Corn sales look profitable

Saying “things are different” in 2020 is to state the obvious about the impact of COVID-19 on just about everything. But there may be one corner of the grain market where the cliché is more nuanced, and that could impact your storage decision for corn as harvest begins to head down the home stretch.

Despite a big crop here in the U.S. and more than ample supplies, average basis levels are surprisingly decent. Even more noticeable for hedgers: Carry in the futures market is at very low levels. That’s making it more difficult for farmers to protect inventory they’ll store on farm into 2021 by selling futures or hedge-to-arrive contracts while they wait for the cash market to strengthen.

Related: World corn supplies shrink

Average corn basis ended last week about 25 cents under December futures, which closed above $4 a bushel for the first time since January. But the July 2021 contract settled just 7.25 cents about the nearby, after nearing only a nickel on Thursday. The lack of carry for commercial traders – it’s less than the storage fees for a month of corn in a deliverable position – was a tip-off that something indeed is up.

The combination of carry plus basis appreciation on the nearby combine for anticipated storage returns from a hedge, after accounting for depreciation on bins and paying interest on unsold grain and fees for storage, handling and trades. Tight carry at harvest doesn’t make it impossible to turn a profit on a storage hedge. But small spreads between December and contracts for delivery in the spring and summer make it harder for this strategy to pay off.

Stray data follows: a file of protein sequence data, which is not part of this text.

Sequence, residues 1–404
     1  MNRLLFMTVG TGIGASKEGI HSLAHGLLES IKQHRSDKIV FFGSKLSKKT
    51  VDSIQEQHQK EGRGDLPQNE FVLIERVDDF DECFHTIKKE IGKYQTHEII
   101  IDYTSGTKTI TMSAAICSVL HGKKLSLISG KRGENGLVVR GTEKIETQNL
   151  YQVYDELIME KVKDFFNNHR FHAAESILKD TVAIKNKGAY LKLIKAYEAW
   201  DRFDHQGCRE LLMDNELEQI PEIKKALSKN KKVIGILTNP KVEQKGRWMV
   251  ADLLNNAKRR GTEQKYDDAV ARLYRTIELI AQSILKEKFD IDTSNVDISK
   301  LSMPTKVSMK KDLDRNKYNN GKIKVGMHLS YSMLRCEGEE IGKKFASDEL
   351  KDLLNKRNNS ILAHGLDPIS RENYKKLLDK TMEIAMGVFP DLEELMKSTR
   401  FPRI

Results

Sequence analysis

China is also buying wheat and, most of all, soybeans. And after disappointing 2019 harvests, new crop must get into position for exporters. Shippers are scrambling for railcars to the Gulf and Pacific Northwest, sending the cost of shipping corn from Minneapolis to the West Coast up by almost 25 cents a bushel.

Closure of key locks on the Illinois River, where deliveries against futures focus, may also be working into the equation. While most of the repairs are done, the need for empty barges sent October barges on the Illinois River to their most expensive level since 2015. Low water on the lower Mississippi River is also tying up traffic and increasing congestion, limiting availability of empties. Bull-spreading makes sense for users who must complete with Gulf corn basis trading nearly double its five-year average.

The tight carry market does have one benefit for farmers. Those without on-farm storage, or who need to raise cash, may find it a little easier to move grain now and replace it with deferred futures or options. Buying an at-the-money July 2021 corn call still isn’t cheap: the $4.10 strike closed at 24.25 cents last week. But overall modest implied volatility and lack of carry make the calls a little bit better value, even if the Farm Futures storage strategy studyshows the odds of a profit are slim.

Still, growers with stronger harvest basis than they anticipated may want to take a look at just selling some off the combine. According to the National Corn Index of 3,175 elevators at the Minneapolis Grain Exchange, the average corn price Friday was $3.78. That’s just three cents a bushel away from the full economic cost of production based on USDA’s Oct. 9 yield projection. And if more realistic costs for machinery are used, current price net a cash return of 40 cents a bushel.微信图片_20201027151005

Post time: Oct-27-2020